First-ever transplant of pig kidney to patient a success

Massachusetts General Hospital transplant surgeons Dr. Nahel Elias, left, and Dr. Tatsuo Kawai perform the surgery of a transplanted genetically modified pig kidney into a living human.

Mass General surgeons Nahel Elias (left) and Tatsuo Kawai performing the transplant.

Credit: Massachusetts General Hospital

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Genetic editing improves compatibility, marks advance in organ shortage crisis

The world’s first successful transplant of a genetically edited pig kidney into a 62-year-old man living with end-stage kidney disease was announced by Harvard-affiliated Massachusetts General Hospital on Thursday.

Surgeons from the Mass General Transplant Center conducted the four-hour-long surgery on March 16. The procedure marks a major milestone in the quest to provide more readily available organs to patients.

“The success of this transplant is the culmination of efforts by thousands of scientists and physicians over several decades,” said Tatsuo Kawai, the director of the Legorreta Center for Clinical Transplant Tolerance and a professor of surgery at Harvard Medical School. “Our hope is that this transplant approach will offer a lifeline to millions of patients worldwide who are suffering from kidney failure.”

The pig kidney was provided by eGenesis of Cambridge, Massachusetts, which had used CRISPR-Cas9 technology to remove harmful pig genes and add certain human genes to improve its compatibility with humans. Additionally, scientists inactivated porcine endogenous retroviruses in the pig donor to eliminate any risk of infection in humans.

The patient, Richard “Rick” Slayman of Weymouth, Massachusetts, is recovering at MGH and expected to be discharged soon, according to hospital officials.

“As the global medical community celebrates this monumental achievement, Mr. Slayman becomes a beacon of hope for countless individuals suffering from end-stage renal disease and opens a new frontier in organ transplantation,” said Joren C. Madsen, director of the MGH Transplant Center and the Paul S. Russell/Warner-Lambert Professor of Surgery at HMS.

“I saw it not only as a way to help me, but a way to provide hope for the thousands of people who need a transplant to survive.”  

Richard “Rick” Slayman, kidney recipient

Slayman, who has been living with Type 2 diabetes and hypertension for many years. After being on dialysis seven years prior, he received a kidney transplant from a human deceased donor in December 2018. The transplanted kidney showed signs of failure approximately five years later and Slayman resumed dialysis in May 2023. Since resuming dialysis, he encountered recurrent dialysis vascular access complications requiring visits to the hospital every two weeks for de-clotting and surgical revisions, significantly impacting his quality of life and a common problem among dialysis patients.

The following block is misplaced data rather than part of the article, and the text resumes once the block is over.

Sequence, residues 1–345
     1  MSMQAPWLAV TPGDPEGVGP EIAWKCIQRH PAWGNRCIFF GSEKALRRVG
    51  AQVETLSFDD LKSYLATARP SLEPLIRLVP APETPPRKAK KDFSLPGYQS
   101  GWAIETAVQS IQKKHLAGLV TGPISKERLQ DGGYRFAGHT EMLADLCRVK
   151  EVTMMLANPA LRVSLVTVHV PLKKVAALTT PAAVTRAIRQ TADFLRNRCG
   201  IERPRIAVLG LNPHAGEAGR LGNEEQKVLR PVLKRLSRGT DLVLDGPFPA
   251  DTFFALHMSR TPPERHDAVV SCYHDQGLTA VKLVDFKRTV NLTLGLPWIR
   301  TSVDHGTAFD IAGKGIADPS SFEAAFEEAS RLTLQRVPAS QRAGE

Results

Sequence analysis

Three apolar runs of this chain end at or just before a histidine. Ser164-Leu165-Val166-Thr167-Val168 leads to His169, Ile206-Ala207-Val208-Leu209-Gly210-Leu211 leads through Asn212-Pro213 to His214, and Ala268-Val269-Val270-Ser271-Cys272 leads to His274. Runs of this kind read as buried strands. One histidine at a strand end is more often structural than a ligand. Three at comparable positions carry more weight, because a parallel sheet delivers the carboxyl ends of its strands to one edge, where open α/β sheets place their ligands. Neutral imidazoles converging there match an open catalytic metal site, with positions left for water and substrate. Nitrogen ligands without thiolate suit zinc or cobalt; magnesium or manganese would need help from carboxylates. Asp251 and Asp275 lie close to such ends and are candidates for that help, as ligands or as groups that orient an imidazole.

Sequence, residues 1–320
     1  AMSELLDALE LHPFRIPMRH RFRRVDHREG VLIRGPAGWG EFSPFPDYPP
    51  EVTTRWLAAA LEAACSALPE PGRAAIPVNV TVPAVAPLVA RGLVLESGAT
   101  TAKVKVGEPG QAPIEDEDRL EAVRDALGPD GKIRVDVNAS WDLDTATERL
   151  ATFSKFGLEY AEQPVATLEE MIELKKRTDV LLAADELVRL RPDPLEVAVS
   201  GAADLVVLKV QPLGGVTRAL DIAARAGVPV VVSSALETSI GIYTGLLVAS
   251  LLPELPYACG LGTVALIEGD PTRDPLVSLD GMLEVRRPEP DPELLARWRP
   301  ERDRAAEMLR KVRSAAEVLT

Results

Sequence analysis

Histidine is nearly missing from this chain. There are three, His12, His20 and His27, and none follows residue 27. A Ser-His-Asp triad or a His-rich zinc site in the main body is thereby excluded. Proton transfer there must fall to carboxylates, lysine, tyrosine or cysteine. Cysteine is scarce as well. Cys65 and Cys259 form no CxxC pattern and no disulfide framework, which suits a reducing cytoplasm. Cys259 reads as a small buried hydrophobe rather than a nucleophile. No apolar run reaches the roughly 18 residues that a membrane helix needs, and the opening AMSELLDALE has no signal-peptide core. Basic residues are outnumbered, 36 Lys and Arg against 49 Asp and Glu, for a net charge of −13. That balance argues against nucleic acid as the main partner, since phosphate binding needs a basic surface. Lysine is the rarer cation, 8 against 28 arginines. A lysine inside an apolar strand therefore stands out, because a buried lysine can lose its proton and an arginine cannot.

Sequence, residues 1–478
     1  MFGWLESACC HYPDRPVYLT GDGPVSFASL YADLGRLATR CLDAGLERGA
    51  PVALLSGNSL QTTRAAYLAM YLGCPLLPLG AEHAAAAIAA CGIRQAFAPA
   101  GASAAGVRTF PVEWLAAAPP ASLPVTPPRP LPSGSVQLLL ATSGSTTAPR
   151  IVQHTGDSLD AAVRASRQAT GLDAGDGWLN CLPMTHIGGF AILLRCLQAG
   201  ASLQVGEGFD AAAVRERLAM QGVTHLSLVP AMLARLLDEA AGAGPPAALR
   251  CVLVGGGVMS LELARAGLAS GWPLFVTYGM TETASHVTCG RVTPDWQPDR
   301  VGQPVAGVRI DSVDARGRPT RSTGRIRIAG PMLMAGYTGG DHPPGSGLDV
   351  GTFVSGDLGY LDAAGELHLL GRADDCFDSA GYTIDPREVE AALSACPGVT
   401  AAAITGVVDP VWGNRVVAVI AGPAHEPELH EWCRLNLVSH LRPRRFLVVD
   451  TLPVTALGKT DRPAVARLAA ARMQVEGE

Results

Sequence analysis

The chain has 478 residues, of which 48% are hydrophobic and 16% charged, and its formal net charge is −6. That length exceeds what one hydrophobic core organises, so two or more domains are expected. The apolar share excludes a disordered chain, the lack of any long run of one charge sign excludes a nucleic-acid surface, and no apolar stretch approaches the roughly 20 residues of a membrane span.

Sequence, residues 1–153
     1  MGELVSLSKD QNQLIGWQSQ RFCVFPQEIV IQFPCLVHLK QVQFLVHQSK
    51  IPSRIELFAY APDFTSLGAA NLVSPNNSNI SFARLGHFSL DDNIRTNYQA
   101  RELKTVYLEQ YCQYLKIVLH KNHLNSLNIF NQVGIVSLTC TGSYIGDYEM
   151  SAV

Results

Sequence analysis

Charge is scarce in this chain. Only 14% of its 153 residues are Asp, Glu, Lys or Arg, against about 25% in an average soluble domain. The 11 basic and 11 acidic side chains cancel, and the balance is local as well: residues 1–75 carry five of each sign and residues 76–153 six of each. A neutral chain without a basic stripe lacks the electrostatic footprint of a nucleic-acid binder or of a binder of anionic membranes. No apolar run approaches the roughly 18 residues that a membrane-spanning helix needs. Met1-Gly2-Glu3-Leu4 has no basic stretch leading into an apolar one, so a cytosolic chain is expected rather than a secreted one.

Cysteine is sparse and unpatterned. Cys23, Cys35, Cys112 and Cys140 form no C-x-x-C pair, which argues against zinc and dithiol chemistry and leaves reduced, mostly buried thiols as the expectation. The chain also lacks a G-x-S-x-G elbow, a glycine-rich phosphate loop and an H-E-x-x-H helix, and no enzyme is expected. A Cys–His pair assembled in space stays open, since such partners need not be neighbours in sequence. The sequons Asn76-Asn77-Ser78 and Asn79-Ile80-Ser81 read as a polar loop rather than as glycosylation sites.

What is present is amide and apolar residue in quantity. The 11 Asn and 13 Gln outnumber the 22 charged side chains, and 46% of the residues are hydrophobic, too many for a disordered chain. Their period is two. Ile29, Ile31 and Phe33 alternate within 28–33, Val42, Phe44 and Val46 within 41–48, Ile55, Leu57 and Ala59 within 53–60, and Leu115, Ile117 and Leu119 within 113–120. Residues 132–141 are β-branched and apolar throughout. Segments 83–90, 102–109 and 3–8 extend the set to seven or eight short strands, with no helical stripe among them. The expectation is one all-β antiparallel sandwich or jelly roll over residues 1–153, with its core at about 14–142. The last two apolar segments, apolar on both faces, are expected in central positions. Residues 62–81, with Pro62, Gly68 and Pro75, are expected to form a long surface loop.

“I have been a Mass General Transplant Center patient for 11 years and have the highest level of trust in the doctors, nurses, and clinical staff who have cared for me,” Slayman said in a statement. “When my transplanted kidney began failing in 2023, I again trusted my care team at MGH to meet my goals of not just improving my quality of life but extending it. My nephrologist, Dr. Winfred Williams, and the Transplant Center team suggested a pig kidney transplant, carefully explaining the pros and cons of this procedure. I saw it not only as a way to help me, but a way to provide hope for the thousands of people who need a transplant to survive.”  

“At MGH alone, there are over 1,400 patients on the waiting list for a kidney transplant. Some of these patients will unfortunately die or get too sick to be transplanted due to the long waiting time on dialysis. I am firmly convinced that xenotransplantation represents a promising solution to the organ shortage crisis,” said Leonardo V. Riella, medical director for kidney transplantation and the Harold and Ellen Danser Associate Professor of Surgery at HMS

The world’s first successful human organ transplant (kidney) was performed at Brigham and Women’s Hospital in 1954 and the nation’s first penile transplant, performed at MGH in 2016. According to the United Network for Organ Sharing, more than 100,000 people in the U.S. await an organ for transplant and 17 people die each day waiting for an organ. A kidney is the most common organ needed for transplant, and end-stage kidney disease rates are estimated to increase 29-68 percent in the U.S. by 2030, according to literature published in the Journal of the American Society of Nephrology.

“The continued success of this groundbreaking kidney transplant represents a true milestone in the field of transplantation. It also represents a potential breakthrough in solving one of the more intractable problems in our field, that being unequal access for ethnic minority patients to the opportunity for kidney transplants due to the extreme donor organ shortage and other system-based barriers,” said nephrologist Winfred Williams, associate professor of medicine at HMS. “This health disparity has been the target of many national policy initiatives for over 30 years, with only limited success. An abundant supply of organs resulting from this technological advance may go far to finally achieve health equity and offer the best solution to kidney failure — a well-functioning kidney — to all patients in need.”